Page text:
Claire tackles the highest peaks after suffering the lows

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Keen walker Claire Cologne wasn’t going to let cancer treatment stand in her way, as Catherine Scott discovers.

It is two years since Claire Cologne rceived the devastating news that she was suffering from breast cancer.

But after surgery and treatment, rather than putting up her feet to recuperate, the mum-of-two decided to take on a challenge of a lifetime.

The 36-year-old from Nether Edge took on a mammoth trek over the Alps in a bid to raise money for Weston Park Cancer Charity for the hospital where she had her treatment.

But although feeling unwell at times, and being admitted as an inpatient on two occasions over Christmas and Easter, Claire was adamant that she would get back to leading an active lifestyle – even if it meant running to and from her treatment sessions. 

“I’ve always been an active person and as soon as I started to regain some energy and strength back after treatment I knew I needed something to focus my mind on during recovery,” explains Claire.

“It started with me running to 
and from my radiotherapy appointments, which seemed crazy at the time, but gradually I became stronger and learnt how to exercise and manage my fatigue at the same time.

“As a keen walker, The Haute Route Glacier trek is a challenge which I have always wanted to complete and it seemed a perfect fit at the time, as I planned to do it a year on from my final radiotherapy session at Weston Park Hospital.

“I wanted something to really test my limits and prove that cancer wasn’t going to get in the way of me living my life to the full.”

“The last two years have been incredibly difficult,” said Claire, “Not only have I had to stay strong for my two kids and husband, but also cope with the change in lifestyle due to the side effects of my treatment.”

Through a Challenge Cancer Through Adventure initiative 
Claire signed up to complete the seven-day Haute Route Glacier Trek which is a high level trail through the French and Swiss Alps, from Chamonix in the West to Zermatt in the East.

Each day, Claire ascended steep snow, ice and rock to reach high cols and summits, including the Pigne d’Arolla, at 3,796m.

She stayed in basic mountain huts and despite some very early starts of between 4am and 2:30am each day, managed to complete each day without being too tired.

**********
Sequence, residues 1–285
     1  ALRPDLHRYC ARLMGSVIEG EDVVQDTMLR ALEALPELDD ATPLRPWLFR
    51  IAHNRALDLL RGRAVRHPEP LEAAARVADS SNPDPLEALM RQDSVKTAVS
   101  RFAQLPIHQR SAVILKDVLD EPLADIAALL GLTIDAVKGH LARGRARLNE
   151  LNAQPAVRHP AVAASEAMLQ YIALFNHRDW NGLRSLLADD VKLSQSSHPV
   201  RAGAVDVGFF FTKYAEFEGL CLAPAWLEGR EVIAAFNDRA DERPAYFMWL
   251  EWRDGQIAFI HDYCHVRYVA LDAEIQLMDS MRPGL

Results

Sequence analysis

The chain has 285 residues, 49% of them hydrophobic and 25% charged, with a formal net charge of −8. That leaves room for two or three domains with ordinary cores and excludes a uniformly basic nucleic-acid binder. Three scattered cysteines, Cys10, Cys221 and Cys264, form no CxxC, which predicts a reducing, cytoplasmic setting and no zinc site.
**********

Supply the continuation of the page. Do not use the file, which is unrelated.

“Climbing the Pigne d’Arolla was very poignant for me as it fell exactly a year from the day of my final radiotherapy session and removal of my chemotherapy tube.

“I couldn’t quite believe that in just a year I’d gone from struggling to climb stairs with a very weak immune system to scaling one of the highest peaks in the Alps!

“It was a once in a lifetime challenge that showed me, and anyone else fighting cancer, that it is definitely possible to get back to leading a pro-active and fulfilling lifestyle after treatment – even though at the time it feels almost impossible!”

Claire, who now attends regular follow-up appointments at Weston Park Hospital, has raised more than £1,000 for the cancer charity and has plans to undertake further fundraising events in the future.

She kept a blog of her challenge which can be viewed at

Weston Park’s Charity community fundraiser, Jade Hearsum said, “Claire is a real inspiration and has completed such a brave challenge just one year on from treatment.

“We are very proud and thankful to Claire for raising such a fantastic amount for the cancer charity which will help fund innovative research, treatment and care for over 18,000 cancer patients in the region.”

Breast cancer is the most common cancer in the UK with one in eight women and one in 870 men expected to be diagnosed with breast cancer during their lifetime.

The cancer charity invests in research projects which hope to improve the treatment of breast cancers, not just locally, but worldwide.

In total, the charity has contributed to more than 150 
clinical trials in breast cancer including many thousands of patients.

Currently, the charity is investing into a number of projects in conjunction with The University of Sheffield including investigating certain proteins which aids the growth of breast cancer cells and identifying more efficiently the metastasis of breast cancer into 
the bone.

To support Claire visit